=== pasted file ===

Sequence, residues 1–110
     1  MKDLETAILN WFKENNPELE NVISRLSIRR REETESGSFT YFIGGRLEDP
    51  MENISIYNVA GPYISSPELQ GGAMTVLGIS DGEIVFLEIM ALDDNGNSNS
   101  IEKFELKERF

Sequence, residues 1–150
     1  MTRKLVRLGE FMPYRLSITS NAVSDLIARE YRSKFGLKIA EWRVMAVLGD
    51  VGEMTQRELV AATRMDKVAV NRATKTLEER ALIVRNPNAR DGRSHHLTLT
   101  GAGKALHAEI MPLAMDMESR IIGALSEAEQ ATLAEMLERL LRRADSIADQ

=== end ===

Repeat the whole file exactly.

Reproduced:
Sequence, residues 1–110
     1  MKDLETAILN WFKENNPELE NVISRLSIRR REETESGSFT YFIGGRLEDP
    51  MENISIYNVA GPYISSPELQ GGAMTVLGIS DGEIVFLEIM ALDDNGNSNS
   101  IEKFELKERF

Sequence, residues 1–150
     1  MTRKLVRLGE FMPYRLSITS NAVSDLIARE YRSKFGLKIA EWRVMAVLGD
    51  VGEMTQRELV AATRMDKVAV NRATKTLEER ALIVRNPNAR DGRSHHLTLT
   101  GAGKALHAEI MPLAMDMESR IIGALSEAEQ ATLAEMLERL LRRADSIADQ